A coalition of physicians groups—including the American Medical Association, the American Academy of Family Physicians, the American College of Physicians and the American Academy of Pediatrics—also opposed the ruling, based on the detrimental impact it would have on doctors’ payments.
Despite Trump’s celebration of the judge’s decision, his administration made clear that the current law remains in effect for now. Seema Verma, administrator for the Centers for Medicare and Medicaid Services, said on Twitter, “The exchanges are still open for business.”
Congressional Democrats were quick to oppose the ruling in demagogic fashion. House Democratic leader Nancy Pelosi commented on Friday following the decision: “Tonight’s district court ruling exposes the monstrous endgame of Republicans’ all-out assault on people with preexisting conditions and Americans’ access to affordable health care.” She vowed that her chamber would “formally intervene in the appeals process” when her party takes power in the House in January.
Senate Democratic Leader Charles Schumer said he wants a vote in Congress to intervene in the case. He said on NBC’s “Meet the Press” on Sunday, “A lot of this depends on congressional intent.” The Democrats are arguing that it was never the intent of the lawmakers who wrote the 2017 tax law to repeal the ACA. They say that the tax bill specifically elected to preserve the ACA’s consumer protections despite eliminating the individual mandate penalty.
The Democrats, who gained 40 House seats in the midterm elections, campaigned broadly on the healthcare issue, tapping into the widespread anger in the US population against soaring healthcare costs and deteriorating medical care.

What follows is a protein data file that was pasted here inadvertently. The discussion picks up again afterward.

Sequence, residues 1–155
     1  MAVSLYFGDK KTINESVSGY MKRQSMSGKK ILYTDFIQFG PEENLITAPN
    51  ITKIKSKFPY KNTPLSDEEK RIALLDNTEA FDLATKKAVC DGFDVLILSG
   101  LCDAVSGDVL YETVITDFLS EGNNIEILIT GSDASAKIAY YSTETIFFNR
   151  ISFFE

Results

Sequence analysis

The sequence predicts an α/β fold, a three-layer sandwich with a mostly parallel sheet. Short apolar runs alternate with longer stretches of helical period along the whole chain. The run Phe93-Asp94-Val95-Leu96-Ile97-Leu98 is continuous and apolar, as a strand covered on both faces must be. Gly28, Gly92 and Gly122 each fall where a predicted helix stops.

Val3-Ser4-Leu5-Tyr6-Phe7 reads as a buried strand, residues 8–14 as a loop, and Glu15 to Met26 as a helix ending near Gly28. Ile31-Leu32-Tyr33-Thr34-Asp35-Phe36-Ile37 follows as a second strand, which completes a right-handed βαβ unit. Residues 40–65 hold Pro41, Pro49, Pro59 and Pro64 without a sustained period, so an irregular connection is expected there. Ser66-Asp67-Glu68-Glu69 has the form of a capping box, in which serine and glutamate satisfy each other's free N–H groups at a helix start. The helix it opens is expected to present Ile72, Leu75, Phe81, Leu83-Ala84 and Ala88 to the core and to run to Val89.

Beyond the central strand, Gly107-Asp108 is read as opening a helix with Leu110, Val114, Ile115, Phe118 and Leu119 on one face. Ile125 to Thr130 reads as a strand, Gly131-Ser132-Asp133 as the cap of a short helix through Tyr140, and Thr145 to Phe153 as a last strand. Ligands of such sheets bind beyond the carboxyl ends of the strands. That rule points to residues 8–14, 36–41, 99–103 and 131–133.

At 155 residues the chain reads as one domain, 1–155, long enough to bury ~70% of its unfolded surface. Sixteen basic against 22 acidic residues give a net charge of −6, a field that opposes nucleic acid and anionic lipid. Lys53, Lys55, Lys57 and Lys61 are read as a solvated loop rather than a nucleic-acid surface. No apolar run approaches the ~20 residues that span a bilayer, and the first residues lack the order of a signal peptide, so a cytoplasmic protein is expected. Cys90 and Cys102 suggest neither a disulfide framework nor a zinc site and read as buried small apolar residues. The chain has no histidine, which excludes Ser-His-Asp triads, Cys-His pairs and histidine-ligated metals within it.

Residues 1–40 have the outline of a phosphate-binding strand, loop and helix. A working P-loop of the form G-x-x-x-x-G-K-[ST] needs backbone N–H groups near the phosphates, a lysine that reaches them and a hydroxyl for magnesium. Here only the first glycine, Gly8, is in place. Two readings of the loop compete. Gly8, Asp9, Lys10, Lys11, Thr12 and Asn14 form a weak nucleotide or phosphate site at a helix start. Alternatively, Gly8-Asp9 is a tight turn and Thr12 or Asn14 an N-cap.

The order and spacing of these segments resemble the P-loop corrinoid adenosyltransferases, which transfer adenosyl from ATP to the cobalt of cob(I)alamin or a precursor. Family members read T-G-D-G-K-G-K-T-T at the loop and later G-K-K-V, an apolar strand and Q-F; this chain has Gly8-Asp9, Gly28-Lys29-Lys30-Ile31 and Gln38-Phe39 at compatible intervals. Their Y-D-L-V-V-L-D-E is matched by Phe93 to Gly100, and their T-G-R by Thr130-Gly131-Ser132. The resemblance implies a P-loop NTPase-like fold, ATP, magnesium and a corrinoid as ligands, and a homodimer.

However, they have mounted only symbolic opposition to the Trump administration’s assault on the social programs depended upon by millions of Americans to survive. Under conditions in which 51 million US households cannot afford a “survival budget” to pay for basic necessities like housing, food and healthcare, they have offered only a limited challenge to the White House drive to impose work requirements in the food stamp and Medicaid programs, and to slash housing subsidies.
They have instead focused their fire on the Trump administration’s alleged collusion in Russian meddling in the 2016 presidential elections. At the same time, they have voted to fund the Pentagon’s $717 billion budget to pursue the US military’s criminal interventions across the globe.
For their part, in the wake of the December 14 ruling, the Trump administration and congressional Republicans have promoted the illusion that they will seek to defend protections for those with preexisting conditions.
In fact, the White House pursued the unusual step of intervening in the Texas District Court case to argue that without the tax to enforce the ACA’s individual mandate, the law’s provisions guaranteeing coverage to people with preexisting conditions and charging them the same rates as others should be struck down and invalidated.